Members of the Hobbs Fire Department Honor Guard flank E-4, the pumper
that carried Carl Joe Standefer's coffin to Brunson Memorial Cemetery on
Friday while Eunice Fire Department volunteers stand at attention on the
Eunice Fire Department members carry Carl Joe Standefer's coffin to the 1948 pumper truck that carried it down the city's Main Street on Monday while members of the Hobbs Fire Department Honor Guard stand at attention.
Carl Joe Standefer was known around the state as the man who helped build the New Mexico Firefighter Training Academy. But in Eunice, he was simply known as Carl Joe.That's why Main Street shut down on Monday as a funeral procession - that included a group of mourners on foot as well as more than a dozen firetrucks - made its way the mile or so from Calvary Funeral Home to Eunice First Baptist Church and a congregation who waited to pay their last respects.
Mr. Standefer died at his home in La Puebla on Nov. 6 of complications from an aortic aneurysm. He was 73.
And even though he hadn't lived in Eunice since 1971, Mr. Standefer was laid to rest at Brunson Memorial Cemetery with a sizable portion of the town's 2,700 residents in attendance.
"This was home," said James Ray, who piloted E-4, the 1948 firetruck that carried Mr. Standefer's casket. "He started his fire career here." Born in 1927 in Oklahoma, Mr. Standefer was 10 when he moved with his family to Oil Center, near Eunice.
His father worked in the oilfields for a short time, but later opened Standefer Grocery and Market on Main Street.
Mr. Standefer worked at the grocery store and volunteered with the Fire Department, but joined the Navy when he was a junior at Eunice High School. He served as a medical corpsman, then returned to Eunice to finish school, also returning to work at the grocery store and the business of fighting fires. He eventually became chief of the 30-member volunteer department and held that position when Ray first joined the department in 1966.
"I would have followed Carl Joe into anything," Ray said. "I guarantee you this department made tremendous advances under his leadership."
One of those advances included the acquisition of a brand spanking-new,
1,000-gallon-a-minute pumper, the first truck of its kind in the area and
one that Mr. Standefer flew to Elmira, N.Y., to pick up, then drove back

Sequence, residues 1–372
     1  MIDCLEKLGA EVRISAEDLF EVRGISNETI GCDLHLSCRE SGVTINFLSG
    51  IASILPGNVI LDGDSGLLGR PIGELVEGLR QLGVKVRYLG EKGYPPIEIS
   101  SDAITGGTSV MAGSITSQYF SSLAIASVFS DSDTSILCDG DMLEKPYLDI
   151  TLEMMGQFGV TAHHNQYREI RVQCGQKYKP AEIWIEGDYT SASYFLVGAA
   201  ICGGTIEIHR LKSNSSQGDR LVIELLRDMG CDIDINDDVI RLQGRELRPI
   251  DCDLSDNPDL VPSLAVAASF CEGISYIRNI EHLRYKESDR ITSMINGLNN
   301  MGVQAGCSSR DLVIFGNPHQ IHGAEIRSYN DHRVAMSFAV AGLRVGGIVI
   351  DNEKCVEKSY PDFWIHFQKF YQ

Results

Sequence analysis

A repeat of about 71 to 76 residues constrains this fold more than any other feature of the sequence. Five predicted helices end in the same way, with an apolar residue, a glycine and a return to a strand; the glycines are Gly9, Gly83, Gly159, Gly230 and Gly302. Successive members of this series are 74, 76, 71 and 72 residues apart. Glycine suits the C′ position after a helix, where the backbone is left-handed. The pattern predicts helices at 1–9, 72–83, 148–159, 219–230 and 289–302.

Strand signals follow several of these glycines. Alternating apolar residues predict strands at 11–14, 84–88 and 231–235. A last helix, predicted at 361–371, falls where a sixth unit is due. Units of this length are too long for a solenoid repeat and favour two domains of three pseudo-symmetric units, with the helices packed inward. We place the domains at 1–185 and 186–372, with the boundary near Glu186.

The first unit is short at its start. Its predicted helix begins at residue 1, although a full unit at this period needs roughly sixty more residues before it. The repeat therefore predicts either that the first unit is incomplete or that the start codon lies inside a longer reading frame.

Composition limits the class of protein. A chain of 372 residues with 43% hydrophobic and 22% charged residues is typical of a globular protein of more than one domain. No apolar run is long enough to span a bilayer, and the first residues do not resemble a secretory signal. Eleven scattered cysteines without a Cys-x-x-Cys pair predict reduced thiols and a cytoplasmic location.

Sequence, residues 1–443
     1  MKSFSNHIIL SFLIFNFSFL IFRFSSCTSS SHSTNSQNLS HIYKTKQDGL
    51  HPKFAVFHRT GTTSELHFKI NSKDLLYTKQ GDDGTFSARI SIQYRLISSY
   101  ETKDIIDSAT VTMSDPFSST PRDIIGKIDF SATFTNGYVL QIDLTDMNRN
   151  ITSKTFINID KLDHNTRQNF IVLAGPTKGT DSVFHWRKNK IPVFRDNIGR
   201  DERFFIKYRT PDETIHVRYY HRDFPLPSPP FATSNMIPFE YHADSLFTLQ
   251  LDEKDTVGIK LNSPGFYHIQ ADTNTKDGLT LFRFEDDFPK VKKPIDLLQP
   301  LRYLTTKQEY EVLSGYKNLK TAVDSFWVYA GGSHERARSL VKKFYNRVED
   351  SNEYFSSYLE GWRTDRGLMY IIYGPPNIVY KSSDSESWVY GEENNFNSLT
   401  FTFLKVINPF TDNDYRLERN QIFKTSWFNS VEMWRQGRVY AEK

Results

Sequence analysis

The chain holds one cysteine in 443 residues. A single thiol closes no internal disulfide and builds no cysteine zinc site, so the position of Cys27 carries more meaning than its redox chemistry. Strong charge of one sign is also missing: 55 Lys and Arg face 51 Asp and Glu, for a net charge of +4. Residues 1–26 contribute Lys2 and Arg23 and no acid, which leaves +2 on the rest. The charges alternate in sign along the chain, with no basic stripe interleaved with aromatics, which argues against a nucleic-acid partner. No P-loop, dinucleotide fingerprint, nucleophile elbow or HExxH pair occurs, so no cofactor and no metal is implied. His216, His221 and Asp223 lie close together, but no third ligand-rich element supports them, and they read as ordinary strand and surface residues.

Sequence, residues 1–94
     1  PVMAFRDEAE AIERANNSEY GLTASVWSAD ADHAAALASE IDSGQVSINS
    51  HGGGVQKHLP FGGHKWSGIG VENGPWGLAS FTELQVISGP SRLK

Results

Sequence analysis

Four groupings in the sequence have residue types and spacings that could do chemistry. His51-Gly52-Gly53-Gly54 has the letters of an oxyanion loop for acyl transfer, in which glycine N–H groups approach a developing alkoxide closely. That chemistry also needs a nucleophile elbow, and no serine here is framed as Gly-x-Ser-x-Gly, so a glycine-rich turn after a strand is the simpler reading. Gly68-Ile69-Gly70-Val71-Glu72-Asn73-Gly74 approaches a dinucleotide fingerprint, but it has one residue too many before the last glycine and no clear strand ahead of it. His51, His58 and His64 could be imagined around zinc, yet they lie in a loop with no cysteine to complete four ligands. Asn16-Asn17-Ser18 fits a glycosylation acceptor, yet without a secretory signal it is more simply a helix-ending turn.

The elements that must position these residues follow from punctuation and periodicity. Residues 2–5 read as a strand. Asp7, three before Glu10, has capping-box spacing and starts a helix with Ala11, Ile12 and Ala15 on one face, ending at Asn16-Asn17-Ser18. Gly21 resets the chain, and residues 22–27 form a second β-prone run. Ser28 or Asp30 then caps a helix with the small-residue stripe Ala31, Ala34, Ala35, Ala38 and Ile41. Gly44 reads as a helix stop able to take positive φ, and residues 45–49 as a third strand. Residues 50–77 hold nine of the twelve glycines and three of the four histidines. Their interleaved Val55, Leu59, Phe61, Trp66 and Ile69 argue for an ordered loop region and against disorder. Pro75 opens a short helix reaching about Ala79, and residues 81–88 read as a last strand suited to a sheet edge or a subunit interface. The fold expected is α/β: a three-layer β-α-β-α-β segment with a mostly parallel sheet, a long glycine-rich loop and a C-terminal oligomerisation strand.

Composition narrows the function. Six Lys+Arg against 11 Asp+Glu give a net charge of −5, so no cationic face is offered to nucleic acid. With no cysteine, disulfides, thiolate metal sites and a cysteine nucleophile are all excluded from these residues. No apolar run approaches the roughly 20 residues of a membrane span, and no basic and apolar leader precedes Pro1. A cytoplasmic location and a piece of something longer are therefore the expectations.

to Eunice in the winter of 1970.
"I can look at that truck there and it's him," Ray said tearfully of the vehicle that led Monday's procession.
It was during the 1970s that Michael Patterson came to know the Standefer
family. Fortunate enough to graduate with Mr. Standefer's son, John, he
also participated with the active family in everything from cave exploring
to water skiing.
"Their house was always open," Patterson, now a Hobbs resident, said after the procession passed him on Avenue O. "They were really good people." Further down Main, Sharon Martin watched as E-4 neared the church. "I came because I just remember Carl Joe being at the grocery store all the time," Martin said. "My mother was a checker back then."
But you didn't have to be from Eunice to know Mr. Standefer, who moved from town to join the State Fire Marshall's Office in 1971. He later became the state's fire marshal and it was during his time in office that the $8 million New Mexico Fire Academy opened at Socorro.
John, who said the academy was his father's dream, is now its director. That's why members of the academy as well as the State Firefighters Assoc. also marched along the route. And fire trucks from large towns as well as tiny towns - places like Happy Valley, Causey, La Huerta and Dexter - were in Eunice. "Most of those guys in that procession are volunteers," Seminole volunteer firefighter Jay Miller pointed out as marchers approached. "You're dependent upon the other person to keep you alive so you have a tendency to get close. During the fire season, you spend more time with your fellow firefighters than your family." Speaking of family, Pat Dodd, Mr. Standefer's nephew, also marched, taking note of the vacant lot where the family grocery store once stood as well as the unusual show of manpower from across the state.
"I cried and laughed. I didn't know what to do when I looked up and saw all those firetrucks," Dodd said. "He would have been mad because we were wasting all of this equipment, but there's not a firefighter in this state who didn't know him." And surely there's wasn't a firefighter in the crowd who didn't get a chill when the notes to "Amazing Grace" rang out at the graveyard.
Dressed in a kilt and playing bagpipes, Harold Taylor performed the
piece after the Hobbs Fire Department Honor Guard folded the flag from
Mr. Standefer's coffin and handed it to his first wife, then gave his second
wife Standefer's fire cap.
A "10-98" tone out signaled that Mr. Standefer had finished his shift and finally, Eunice Fire Chief Kelly Colvin reached up and clanged the bell on E-4 one last time. It's a ritual that dates back to horse-drawn days when firefighters signaled their safe return.
"It means he has returned to quarters for the last time," Ray said of the farewell to a fireman known statewide for his accomplishments, but simply known in Eunice as Carl Joe.